• Natalie

Feeling Butterflies? Gut health and anxiety - is there a link?

It's probably true that at some point in your life, you've felt some anxiety. But for some that anxiety becomes crippling and rules lives. It feels like there is nothing that can be done to make anything better. Thanks to modern science our knowledge about the human mind and body is constantly evolving and developing and recently there is the discovery of the second brain ... aka the gut!

There has been speculation that a lack of minerals such as Magnesium can contribute to mental health issues, but now there is evidence to suggest that your fauna and flora in the gut can also have a massive impact.

So could taking a pro and prebiotic help our mood?

Scientist have discovered that the brain and gut have the ability to steadily communicate via the nervous system, hormones and the immune system. Some of these microbiome can even release neurotransmitters - exactly like our own neurons - that speak directly to the brain via the vagus nerve.

I'm a bit of a geek when it comes to things like this and love to read the studies, I've tried to make it a bit more condensed for you...

Scientific studies have discovered that the human body is made up of 90% microbiome; they are just so tiny that it looked like our human cells are predominant; most of these microbiome are found in the gut.

It has been found that they can not be cultured and that these microbiome are developed as a fetus and are passed through the umbilical cord. These microbiome compromise of bacteria, archaea, some eukariotic parasites, protozoans and Fungi - sounds lovely but all are essential. There is a huge amount of science behind this, too much for this blog: when we feel stress or anxiety we have the "fight and flight" response and the "rest and recover" response. Sometimes and for some people the switch gets stuck on "fight and flight" which is controlled by the hormones (endocrine system) the second thing that happens is the immune system is involved - so a real or imagined stress has the same physical response. However, the immune system also releases inflammation, which usually serves to keep us safe and healthy, it is when stress/anxiety is chronic that this inflammatory response can cause chronic disease e.g. depressive disorders, high blood pressure, high cholesterol etc.

The studies have shown that the gut microbiome plays a key role in regulating the immune response - meaning these microbione can make a difference to our physical and mental health. Basically, because stress and anxiety responses release hormones and inflammatory responses this in turn suppresses the immune system meaning that you are more at risk of infection etc. Because the gut microbiome plays a vital part in all these systems and is vulnerable to the hormones and inflammation the steady and consistent release of cortisol and other inflammatory substances can cause an unhealthy adn imbalanced gut microbiome. An unhealthy gut = your brain doesn't feel healthy either.

An increase in the stress inflammation Cytokines TNF-a and MCP (Monocyte Chemaltraction protein) increases the permeability of the blood-brain barrier allowing rogue molecules from the permeable gut, this release into the brain influences the brain function leading to anxiety, depression etc. In mice (always mice 1st!) studies showed that those mice born with a purposefully low gut microbiome typically displayed abnormal levels anxiety, increase of depressive like symptoms, difficulty in social and cognitive function. However, with fecal transplant was given - injecting high levels of gut microbiome these characteristics vanished.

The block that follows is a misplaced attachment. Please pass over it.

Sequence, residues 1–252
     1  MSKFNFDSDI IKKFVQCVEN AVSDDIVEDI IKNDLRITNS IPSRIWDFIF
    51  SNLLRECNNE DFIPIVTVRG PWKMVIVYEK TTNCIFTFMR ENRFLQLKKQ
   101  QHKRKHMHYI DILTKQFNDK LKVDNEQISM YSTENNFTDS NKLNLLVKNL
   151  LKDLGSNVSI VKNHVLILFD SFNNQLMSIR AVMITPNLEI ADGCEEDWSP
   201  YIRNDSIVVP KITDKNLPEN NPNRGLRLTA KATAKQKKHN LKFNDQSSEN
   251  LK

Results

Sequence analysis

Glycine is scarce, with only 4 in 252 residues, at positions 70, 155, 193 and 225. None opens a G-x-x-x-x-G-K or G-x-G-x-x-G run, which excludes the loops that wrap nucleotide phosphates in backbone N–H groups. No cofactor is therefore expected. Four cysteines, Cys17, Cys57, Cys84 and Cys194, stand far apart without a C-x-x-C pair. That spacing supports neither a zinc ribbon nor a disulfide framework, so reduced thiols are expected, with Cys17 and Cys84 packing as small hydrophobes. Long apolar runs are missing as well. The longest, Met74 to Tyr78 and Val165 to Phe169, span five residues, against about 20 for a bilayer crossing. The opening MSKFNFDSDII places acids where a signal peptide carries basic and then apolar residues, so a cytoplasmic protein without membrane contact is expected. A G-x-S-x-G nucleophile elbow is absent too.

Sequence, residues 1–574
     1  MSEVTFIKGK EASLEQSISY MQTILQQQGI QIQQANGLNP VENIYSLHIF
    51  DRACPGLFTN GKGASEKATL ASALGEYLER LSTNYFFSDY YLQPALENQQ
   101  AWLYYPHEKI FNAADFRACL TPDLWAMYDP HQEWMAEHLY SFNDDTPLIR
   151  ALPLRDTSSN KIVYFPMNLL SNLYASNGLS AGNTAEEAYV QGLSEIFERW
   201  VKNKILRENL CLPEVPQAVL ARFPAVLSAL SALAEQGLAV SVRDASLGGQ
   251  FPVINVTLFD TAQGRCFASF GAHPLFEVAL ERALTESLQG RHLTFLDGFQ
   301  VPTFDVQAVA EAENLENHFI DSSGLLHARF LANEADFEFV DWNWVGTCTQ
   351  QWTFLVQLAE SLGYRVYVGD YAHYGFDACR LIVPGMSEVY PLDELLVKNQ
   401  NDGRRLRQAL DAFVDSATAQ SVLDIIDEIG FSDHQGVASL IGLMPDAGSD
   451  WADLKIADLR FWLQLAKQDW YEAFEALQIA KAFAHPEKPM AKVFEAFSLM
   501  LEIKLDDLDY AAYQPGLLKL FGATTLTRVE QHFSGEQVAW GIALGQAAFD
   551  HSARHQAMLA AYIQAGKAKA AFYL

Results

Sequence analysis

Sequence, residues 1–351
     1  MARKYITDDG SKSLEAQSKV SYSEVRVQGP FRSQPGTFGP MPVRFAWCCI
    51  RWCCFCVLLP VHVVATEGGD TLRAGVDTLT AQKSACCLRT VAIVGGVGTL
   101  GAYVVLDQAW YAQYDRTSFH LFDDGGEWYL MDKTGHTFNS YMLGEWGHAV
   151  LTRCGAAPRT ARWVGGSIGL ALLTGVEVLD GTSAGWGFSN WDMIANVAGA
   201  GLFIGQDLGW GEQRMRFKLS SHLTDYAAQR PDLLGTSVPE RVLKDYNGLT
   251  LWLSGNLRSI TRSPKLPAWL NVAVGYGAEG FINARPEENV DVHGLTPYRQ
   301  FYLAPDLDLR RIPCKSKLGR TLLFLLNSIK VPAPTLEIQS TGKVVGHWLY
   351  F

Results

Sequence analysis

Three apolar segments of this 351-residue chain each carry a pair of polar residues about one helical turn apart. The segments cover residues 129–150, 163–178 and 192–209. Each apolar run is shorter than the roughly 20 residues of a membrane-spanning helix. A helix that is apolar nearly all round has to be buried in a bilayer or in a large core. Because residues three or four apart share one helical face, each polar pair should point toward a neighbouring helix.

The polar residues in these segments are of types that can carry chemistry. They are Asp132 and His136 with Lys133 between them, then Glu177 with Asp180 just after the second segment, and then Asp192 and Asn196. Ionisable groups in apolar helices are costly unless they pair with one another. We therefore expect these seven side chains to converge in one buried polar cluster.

A study in "Medicine and science in Sports and exercise" included a number of individuals taking part in a 6 week exercise plan, no dietary changes, followed by 6 weeks returning to their sedentary lifestyle, microbiome reading were taken at the beginning, middle and end. The results showed that the levels of healthy gut microbiome increased dramatically after the 6 weeks of exercise and reduced phenomenally after the 6 weeks of a sedentary lifestyle. The researchers proposed that an increase in exercise can positively althered the composition of gut bacteria.

Of course, science doesn't know how this all exactly happens yet, but it does arm us with the ability to help ourselves that little bit more in our quest to improve our mental health. Eat better, Eat more regularly, actively relax more and get more exercise and we can make huge head way in our mental health.


Prebiotics -

Almonds Asparagus Banana's Broccoli Polenta Garlic

Kiwi Leeks Mushrooms

Oats Onions Leafy green Veg

Beans Lentils Cruferous veg


Probiotic foods -

Fermented vegetables e.g. Sauerkrout; Kimchi and traditionally cured olives

Fermented soy beans e.g. Miso; Natto and Tempeh

Fermented beverages e.g. Kifir and Kombuchas

Fermented condiments e.g. Apple Cider Vingar

Cultured Dairy products e.g. buttermilk; live yoghurt (including Soy); Kifir


30 - 60 minutes of endurance exercise

3 times a week

Aerobic endurance exercises e.g walking; running; dancing; swimming; biking; football

Muscular endurance exercises - weights/resistance bands:- 3 sets of 15 reps with a 30 second rest between sets.

For more information on nutrition, fitness programmes or small group fitness for anxiety feel free to contact me for more details.

Hope you enjoyed reading.


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